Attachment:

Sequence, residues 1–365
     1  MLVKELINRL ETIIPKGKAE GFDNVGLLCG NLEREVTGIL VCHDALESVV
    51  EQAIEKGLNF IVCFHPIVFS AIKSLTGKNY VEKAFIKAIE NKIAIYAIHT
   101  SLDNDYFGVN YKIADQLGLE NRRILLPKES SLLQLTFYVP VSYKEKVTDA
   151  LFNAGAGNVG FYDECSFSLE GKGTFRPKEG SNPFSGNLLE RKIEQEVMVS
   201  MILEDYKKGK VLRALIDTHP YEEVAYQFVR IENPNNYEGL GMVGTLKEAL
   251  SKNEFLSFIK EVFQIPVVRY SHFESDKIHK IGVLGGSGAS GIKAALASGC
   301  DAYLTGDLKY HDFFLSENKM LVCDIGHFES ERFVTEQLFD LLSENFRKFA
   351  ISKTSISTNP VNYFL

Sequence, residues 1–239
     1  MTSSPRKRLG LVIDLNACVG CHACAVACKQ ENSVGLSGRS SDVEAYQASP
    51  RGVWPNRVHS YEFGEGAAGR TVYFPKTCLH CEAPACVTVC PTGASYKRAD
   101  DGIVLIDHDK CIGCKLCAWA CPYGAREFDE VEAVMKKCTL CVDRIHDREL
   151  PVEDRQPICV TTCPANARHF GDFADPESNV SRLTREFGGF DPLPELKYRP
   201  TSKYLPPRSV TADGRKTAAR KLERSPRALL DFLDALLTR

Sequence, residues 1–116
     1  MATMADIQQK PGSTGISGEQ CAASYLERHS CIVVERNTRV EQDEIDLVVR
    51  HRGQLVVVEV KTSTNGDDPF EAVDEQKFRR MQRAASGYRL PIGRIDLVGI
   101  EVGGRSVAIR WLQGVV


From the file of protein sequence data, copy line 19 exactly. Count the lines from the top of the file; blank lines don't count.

   101  EVGGRSVAIR WLQGVV